Legal Language and American Law: Authority, Morality, and Linguistic Ideology

We return now to the themes with which the book began, with the added
vantage given by our in-depth examination of similarities and differences
across the classrooms of this study. First, we have seen that context matters to
the understanding of law school training in a number of ways. In the classroom,
aspects of the immediate context are crucial in the dynamics that create more
and less inclusive discussions. These include, but are certainly not limited to, the
demographic backgrounds of students and professors, the size and linguistic
structuring of the class itself, and the status, history, location, and culture of the
law school. Contextual cues in class also point the way to the shared epistemol-
ogy that is conveyed in all of these classrooms, despite surface differences in dis-
course style. Finally, some kinds of context are ignored or omitted, creating a
blind spot in the understanding of social conflict taught to law students.
This brings us to a second important finding: the way legal language in this
society shares with capitalist epistemology more generally a kind of double edge.
In the second section of the chapter, I discuss this phenomenon, which carries with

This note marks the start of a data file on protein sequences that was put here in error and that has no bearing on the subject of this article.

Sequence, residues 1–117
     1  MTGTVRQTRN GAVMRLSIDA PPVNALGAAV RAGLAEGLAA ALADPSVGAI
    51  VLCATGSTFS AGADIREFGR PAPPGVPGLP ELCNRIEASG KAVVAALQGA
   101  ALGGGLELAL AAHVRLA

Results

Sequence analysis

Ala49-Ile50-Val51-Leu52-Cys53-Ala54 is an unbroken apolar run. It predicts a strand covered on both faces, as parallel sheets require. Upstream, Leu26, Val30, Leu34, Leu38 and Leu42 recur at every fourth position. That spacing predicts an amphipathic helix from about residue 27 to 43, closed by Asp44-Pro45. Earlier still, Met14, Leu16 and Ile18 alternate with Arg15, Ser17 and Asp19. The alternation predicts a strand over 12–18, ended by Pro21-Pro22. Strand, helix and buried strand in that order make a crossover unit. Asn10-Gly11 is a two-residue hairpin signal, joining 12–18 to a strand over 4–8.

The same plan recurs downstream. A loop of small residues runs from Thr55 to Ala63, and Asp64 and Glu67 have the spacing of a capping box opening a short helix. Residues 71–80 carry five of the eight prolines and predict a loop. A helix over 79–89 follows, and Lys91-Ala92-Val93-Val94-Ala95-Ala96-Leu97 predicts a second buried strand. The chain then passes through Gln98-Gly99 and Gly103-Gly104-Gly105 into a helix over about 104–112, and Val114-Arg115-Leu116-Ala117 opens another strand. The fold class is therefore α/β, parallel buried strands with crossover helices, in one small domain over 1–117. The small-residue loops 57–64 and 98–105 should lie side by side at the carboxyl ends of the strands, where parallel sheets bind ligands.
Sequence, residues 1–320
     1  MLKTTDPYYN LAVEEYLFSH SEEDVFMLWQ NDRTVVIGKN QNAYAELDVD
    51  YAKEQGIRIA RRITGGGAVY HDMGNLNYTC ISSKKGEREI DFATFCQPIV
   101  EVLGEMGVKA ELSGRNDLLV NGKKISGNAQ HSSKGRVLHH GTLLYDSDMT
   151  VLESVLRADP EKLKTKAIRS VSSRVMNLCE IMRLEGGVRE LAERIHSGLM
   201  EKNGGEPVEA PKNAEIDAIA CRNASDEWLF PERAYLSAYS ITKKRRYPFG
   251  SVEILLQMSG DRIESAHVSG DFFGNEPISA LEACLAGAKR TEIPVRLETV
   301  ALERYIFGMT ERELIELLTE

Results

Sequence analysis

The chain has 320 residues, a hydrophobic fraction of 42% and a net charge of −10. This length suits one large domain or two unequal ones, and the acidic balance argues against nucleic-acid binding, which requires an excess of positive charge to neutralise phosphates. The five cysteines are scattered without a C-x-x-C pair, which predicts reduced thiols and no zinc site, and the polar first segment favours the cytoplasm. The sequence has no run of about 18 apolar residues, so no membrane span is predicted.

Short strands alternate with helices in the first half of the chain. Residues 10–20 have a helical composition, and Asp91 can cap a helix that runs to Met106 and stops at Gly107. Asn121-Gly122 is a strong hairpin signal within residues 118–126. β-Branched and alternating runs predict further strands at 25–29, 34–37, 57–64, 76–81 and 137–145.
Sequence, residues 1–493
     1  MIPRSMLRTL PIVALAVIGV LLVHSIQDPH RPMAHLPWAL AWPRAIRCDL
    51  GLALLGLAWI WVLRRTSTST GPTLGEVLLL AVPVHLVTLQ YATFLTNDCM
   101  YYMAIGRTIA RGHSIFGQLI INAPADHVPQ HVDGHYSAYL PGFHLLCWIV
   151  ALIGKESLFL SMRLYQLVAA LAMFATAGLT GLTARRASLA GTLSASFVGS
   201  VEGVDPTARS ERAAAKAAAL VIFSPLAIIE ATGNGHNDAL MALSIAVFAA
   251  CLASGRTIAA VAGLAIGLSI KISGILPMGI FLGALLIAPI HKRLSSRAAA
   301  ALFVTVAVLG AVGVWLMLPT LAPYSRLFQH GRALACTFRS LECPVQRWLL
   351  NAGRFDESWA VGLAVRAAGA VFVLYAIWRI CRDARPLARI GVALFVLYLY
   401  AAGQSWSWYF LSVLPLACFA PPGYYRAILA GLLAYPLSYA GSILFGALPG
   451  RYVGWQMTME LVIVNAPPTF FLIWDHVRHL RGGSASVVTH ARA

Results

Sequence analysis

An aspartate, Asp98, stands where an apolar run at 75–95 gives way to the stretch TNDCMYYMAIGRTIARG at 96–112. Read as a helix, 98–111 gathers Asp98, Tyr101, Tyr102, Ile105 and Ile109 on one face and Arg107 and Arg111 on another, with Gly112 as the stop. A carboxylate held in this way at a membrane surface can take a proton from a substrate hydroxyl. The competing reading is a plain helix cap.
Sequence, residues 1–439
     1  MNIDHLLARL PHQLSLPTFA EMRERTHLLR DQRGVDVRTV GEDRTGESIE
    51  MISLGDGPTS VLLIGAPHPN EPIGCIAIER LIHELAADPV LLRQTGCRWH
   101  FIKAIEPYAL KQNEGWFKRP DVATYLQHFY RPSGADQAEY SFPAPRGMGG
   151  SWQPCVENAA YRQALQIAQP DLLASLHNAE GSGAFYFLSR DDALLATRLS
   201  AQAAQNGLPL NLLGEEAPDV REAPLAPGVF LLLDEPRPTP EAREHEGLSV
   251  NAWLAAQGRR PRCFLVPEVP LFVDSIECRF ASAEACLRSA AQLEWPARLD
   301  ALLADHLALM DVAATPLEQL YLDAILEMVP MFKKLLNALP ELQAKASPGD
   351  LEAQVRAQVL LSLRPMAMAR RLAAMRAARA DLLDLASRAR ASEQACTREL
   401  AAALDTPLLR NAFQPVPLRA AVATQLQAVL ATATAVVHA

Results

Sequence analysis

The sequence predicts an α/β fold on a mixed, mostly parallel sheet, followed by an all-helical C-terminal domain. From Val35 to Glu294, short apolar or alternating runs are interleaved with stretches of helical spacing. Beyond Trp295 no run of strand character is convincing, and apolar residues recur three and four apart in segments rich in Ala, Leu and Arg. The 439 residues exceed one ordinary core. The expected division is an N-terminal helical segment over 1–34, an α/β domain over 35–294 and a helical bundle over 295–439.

it both a powerful potential and a potential danger. However, as the third section
of this conclusion argues, in the legal arena we see the primacy of language and
linguistic ideology in mediating this double edge. It is in and through the inculca-
tion of approaches to text, reading, and language that the legal version of
commodification—of a social structural sleight of hand—takes place. On the one
hand, this means that legal language is deeply imbricated with social power in
multiple ways. On the other hand, the independent importance of this linguistic
level means that the process of legal training in particular, and of legal translation
in general, cannot be analyzed as a mere reflex of power dynamics. Certainly social
power has an impact at the many levels delineated here. But we can also see that.

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